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Thousands of Finns to get health warning of disease inherited from 17th century

Staff writer |
At least three thousand Finns are expected to get a letter this year warning them of a disease they may have inherited from a 17th century forefather.

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The staff at the parish registry in Viitasaari, a municipality in central Finland, are currently engaged in a labour intensive task of identifying the descendants of a man who lived 400 years ago.

Finnish national broadcaster Yle said on Monday the researchers at the Hospital of Helsinki University have found out that the man was the source of a hereditary gene mutation that could cause sudden deaths at young age.

When reached, those alive will be contacted and treated, if necessary, reported Yle.

To find their current addresses is not a problem. Finland boasts a church based population registry dating partially back to 1650s, with births, marriages and deaths recorded. Although the task is not insurmountable, it will take the parish employees at least half a year, said Yle.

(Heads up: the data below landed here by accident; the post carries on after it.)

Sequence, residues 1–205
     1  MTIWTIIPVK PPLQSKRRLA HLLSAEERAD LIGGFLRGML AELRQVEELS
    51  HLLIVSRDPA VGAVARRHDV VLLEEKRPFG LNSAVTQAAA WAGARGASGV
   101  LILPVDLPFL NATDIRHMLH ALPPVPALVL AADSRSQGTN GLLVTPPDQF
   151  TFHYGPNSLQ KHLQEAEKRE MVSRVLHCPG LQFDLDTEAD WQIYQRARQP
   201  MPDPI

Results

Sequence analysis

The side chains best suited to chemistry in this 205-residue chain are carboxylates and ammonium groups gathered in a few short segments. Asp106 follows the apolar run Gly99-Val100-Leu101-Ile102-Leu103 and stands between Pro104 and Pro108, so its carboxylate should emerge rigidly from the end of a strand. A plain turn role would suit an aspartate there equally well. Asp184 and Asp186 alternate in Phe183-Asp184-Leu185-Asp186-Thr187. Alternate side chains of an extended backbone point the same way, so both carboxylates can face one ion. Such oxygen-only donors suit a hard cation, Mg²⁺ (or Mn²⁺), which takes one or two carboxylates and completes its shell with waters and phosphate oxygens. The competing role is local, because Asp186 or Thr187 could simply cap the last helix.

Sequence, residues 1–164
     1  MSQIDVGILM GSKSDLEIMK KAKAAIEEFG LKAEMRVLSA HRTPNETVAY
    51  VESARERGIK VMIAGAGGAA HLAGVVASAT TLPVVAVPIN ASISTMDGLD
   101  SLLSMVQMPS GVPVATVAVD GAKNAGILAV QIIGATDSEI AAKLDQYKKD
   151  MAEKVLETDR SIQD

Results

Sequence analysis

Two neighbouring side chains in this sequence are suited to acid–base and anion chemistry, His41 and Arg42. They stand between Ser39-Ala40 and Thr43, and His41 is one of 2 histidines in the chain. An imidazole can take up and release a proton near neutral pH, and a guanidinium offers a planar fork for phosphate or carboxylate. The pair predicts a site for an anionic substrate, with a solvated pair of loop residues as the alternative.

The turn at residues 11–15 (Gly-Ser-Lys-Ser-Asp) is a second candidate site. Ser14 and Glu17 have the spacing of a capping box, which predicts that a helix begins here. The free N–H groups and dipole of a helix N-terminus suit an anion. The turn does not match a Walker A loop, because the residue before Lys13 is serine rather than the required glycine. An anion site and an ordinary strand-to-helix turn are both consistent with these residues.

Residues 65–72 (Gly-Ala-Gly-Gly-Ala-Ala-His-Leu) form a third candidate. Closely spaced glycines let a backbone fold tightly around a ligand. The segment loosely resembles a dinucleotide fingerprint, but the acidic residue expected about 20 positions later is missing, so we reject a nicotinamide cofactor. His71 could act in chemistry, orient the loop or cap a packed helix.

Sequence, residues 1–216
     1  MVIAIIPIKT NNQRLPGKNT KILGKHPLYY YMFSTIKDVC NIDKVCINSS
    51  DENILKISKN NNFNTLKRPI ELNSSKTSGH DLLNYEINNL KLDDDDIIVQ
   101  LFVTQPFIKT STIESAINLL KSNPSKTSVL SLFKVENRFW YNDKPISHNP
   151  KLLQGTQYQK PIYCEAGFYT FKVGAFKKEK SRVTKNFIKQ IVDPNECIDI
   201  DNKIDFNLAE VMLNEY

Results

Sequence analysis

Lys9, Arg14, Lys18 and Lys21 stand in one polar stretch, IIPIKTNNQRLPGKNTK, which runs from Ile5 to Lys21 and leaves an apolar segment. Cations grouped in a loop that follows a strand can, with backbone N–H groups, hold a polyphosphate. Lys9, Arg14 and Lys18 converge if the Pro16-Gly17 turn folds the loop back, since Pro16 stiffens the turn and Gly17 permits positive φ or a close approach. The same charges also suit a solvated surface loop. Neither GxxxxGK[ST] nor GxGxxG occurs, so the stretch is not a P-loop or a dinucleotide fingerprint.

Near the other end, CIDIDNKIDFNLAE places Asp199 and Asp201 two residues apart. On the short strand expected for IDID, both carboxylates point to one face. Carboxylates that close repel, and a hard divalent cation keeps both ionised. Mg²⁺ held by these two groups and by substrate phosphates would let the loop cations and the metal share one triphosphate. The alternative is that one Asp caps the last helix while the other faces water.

The current national population registry system only dates back to early 1970s and before that the churches kept the registries. The inherited disease is known as catecholaminergic polymorphic ventricular tachycardia (CPVT). In 1990s, the researchers at the Hospital of Helsinki University were the first in the world to identify this gene mutation.

Clinically, the problem is that proteins releasing calcium ions in the heart cells function abnormally and will affect heart rhythms. Among the people who have this mutated gene, sudden deaths have occurred over generations.

Cardiologist Heikki Swan told Yle news service that typically a pupil may die suddenly during gymnastics hour. And in one case, a child died when rehearsing a play, being nervous on the stage.

The hospital has been able to ascertain three clusters of relatives with the gene and they are all descendants of the man who lived in the village in central Finland in 1600s.

Not all carriers of the gene get symptoms, but some may die with the first symptoms while others may only experience a moment of unconsciousness.

When found, the descendants will be screened with a blood test and those carrying the gene can be given prophylactic medication. Currently only 150 carriers are recognized but the number is expected to multiply, according to the Yle report.

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